The interior sheath 80 is formed of oriented strand board (OSB), tempered hardboard tempered siding, finish or construction grade plywood, plastic, metal, vinyl, panel, or other materials that are usable as layer that will be exposed to some amount of environmental weathering. In the preferred embodiment, the interior sheath is a laminated plywood panel. The outer dimensions of the interior sheath are substantially the same as the outer dimensions of the internal frame 60 so the frame and sheath match as the sheath is attached to the internal frame.
The exterior sheath 90, in the preferred embodiment, is formed from an exterior siding material, such as of oriented strand board (OSB), tempered hardboard tempered siding, finish or construction grade plywood, plastic, metal, vinyl, panel, or other materials that are suitable for exterior environmental use. The outside dimensions of the exterior sheath extend outside of the internal frame 60 when secured to the internal frame. This minimizes environmental damage as well as exposure to the interior of the building. A unique feature in a preferred embodiment of the present invention is the construction of the internal frame 60. In this preferred embodiment, the components 62 70 are not attached directly to one another. Instead the internal frame is formed by the attachment of the interior sheath 80 and the exterior sheath 90 to the internal frame components. This increases the efficiency of the assembly process while providing structural rigidity to the door. The interior sheath and exterior sheath are secured to the frame components by fasteners such as screws, nails, adhesive or other structural fastening methods. It is to be expressly understood that other assembly methods could be used as well. For instance, the components of the internal frame can be welded, bolted or otherwise secured together prior to the attachment of the interior and exterior sheathes. Also, the internal frame can be formed of a single unitary construction or composite material.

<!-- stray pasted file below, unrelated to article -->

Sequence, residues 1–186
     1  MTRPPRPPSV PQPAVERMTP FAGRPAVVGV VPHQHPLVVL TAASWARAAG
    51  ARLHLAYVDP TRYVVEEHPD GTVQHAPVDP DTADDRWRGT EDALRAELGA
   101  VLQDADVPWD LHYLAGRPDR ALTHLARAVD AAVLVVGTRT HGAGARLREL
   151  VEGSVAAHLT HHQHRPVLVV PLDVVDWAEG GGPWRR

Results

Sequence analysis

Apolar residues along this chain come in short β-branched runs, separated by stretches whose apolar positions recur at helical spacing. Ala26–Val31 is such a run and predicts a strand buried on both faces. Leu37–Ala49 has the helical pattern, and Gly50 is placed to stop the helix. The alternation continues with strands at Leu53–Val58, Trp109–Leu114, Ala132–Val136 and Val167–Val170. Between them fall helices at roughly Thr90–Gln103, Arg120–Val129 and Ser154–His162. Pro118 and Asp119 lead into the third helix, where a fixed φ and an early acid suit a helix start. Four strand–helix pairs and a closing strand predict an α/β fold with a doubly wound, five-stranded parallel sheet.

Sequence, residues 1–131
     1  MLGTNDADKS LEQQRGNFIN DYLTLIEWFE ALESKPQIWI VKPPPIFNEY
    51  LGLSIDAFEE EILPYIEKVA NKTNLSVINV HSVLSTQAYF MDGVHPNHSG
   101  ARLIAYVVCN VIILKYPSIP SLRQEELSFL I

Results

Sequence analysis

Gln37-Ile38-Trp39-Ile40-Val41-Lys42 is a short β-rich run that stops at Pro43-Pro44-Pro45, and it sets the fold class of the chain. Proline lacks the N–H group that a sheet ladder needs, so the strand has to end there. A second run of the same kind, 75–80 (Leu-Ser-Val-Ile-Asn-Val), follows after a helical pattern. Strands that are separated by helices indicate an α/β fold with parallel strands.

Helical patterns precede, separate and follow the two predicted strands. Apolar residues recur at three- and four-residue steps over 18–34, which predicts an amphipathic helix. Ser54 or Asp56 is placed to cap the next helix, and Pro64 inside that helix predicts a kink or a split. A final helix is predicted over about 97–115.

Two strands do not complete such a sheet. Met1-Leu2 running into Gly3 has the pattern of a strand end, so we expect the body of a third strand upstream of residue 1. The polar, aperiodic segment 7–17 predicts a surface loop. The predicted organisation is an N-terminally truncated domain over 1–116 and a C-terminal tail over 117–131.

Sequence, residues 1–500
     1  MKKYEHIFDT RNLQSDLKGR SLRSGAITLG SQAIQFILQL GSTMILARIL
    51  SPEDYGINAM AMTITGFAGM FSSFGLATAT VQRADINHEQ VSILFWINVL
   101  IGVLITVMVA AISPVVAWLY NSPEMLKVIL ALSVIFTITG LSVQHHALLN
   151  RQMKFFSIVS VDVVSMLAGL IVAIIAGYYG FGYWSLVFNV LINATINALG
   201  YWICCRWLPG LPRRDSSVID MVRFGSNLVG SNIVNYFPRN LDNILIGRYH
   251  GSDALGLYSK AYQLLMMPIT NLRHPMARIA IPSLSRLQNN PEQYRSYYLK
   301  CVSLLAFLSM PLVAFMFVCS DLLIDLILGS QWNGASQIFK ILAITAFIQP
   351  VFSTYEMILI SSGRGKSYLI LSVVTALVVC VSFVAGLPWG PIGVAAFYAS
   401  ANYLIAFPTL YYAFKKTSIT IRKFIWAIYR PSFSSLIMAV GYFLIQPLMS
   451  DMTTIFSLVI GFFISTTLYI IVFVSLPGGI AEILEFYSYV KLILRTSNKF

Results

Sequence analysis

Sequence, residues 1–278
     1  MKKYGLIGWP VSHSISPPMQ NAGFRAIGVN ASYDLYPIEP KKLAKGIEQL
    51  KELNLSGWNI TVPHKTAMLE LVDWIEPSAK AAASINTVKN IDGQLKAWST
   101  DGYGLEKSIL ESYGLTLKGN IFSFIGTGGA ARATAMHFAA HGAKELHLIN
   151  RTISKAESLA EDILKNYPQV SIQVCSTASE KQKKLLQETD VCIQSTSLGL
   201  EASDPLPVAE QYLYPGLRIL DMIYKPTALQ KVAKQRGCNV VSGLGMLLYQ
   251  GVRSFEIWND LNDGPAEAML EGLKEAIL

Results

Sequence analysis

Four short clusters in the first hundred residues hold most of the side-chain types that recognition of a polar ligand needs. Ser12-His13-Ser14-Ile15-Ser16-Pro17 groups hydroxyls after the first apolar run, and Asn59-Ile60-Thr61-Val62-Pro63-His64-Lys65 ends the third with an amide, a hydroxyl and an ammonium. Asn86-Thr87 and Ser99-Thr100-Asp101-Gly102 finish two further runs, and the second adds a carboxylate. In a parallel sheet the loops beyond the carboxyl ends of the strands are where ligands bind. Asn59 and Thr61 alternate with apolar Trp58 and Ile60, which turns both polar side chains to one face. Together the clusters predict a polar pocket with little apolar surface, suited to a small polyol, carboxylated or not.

The assembly process in the preferred embodiment is capable of being easily performed by a single individual or in an automated process. In this process, the internal frame components are placed in a jig so that they are in the appropriate configuration. Then the interior sheath is placed onto the components and lined up relative to the components. Screw fasteners, nails, adhesives or other fastening devices are then secured through the interior sheath into the frame components to fasten the interior sheath to the components and thus forming the internal frame. The assembled internal frame and interior sheath are flipped over, and the exterior sheath is placed onto the internal frame and lined up accordingly. The exterior sheath is then secured to the internal frame by screws, nails, adhesives or other fastening devices. Apertures may also be formed in the exterior sheath, interior sheath and frame for hinges, latching devices, windows or other openings if desired. The door is ready at this point to be installed onto the portable building, or kitted for future building assembly.
In a preferred embodiment of the present invention, exterior trim pieces are mounted to the exterior sheath to increase the attractiveness of the door. One preferred embodiment of the exterior trim 100 is illustrated in
The interior and exterior sheaths can be prepainted, stained or otherwise provided with a protective coating prior to the assembly process or afterwards, as desired. Also, the components of the internal frame may also be formed of a corrosion resistant material to provide longevity from environmental damage.
The unique door assembly provides a high strength, durable door that is economical and easily manufactured. The assembly process enables the doors to be efficiently manufactured. The above descriptive embodiments are provided to explain exemplary features of the claimed inventions but are not meant to limit the scope of the claimed inventions. Other embodiments are also considered to be within the scope of the present invention as set forth in the claims.
|Cited Patent||Filing date||Publication date||Applicant||Title|
|US2129441 *||Jan 8, 1936||Sep 6, 1938||Otto Karl F||Building|
|US2223778 *||Mar 25, 1937||Dec 3, 1940||Trailer Company||Trailer truck body|
|US3121264 *||Dec 4, 1961||Feb 18, 1964||New Moon Homes Inc||Door|
|US3385002 *||Mar 14, 1966||May 28, 1968||Walled Lake Door Co||Hollow core door|
|US5012616 *||Apr 16, 1990||May 7, 1991||Martin William D||Storm door of tubular frame construction|
|US6513558 *||Aug 8, 2001||Feb 4, 2003||Cheng Ta Wood Industry, Ltd.||Method of manufacturing carved wooden doors|
|U.S. Classification||523/455, 52/784.1, 52/784.15|
|International Classification||E06B3/70, E06B3/82|
|Cooperative Classification||E06B3/822, E06B3/7001|
|Oct 24, 2008||AS||Assignment|
Owner name: TUFF SHED, INC., COLORADO
Free format text: ASSIGNMENT OF ASSIGNORS INTEREST;ASSIGNOR:BUNKER, OWEN WOODRUFF, II;REEL/FRAME:021736/0511
Effective date: 20031219
|May 9, 2012||FPAY||Fee payment|
Year of fee payment: 4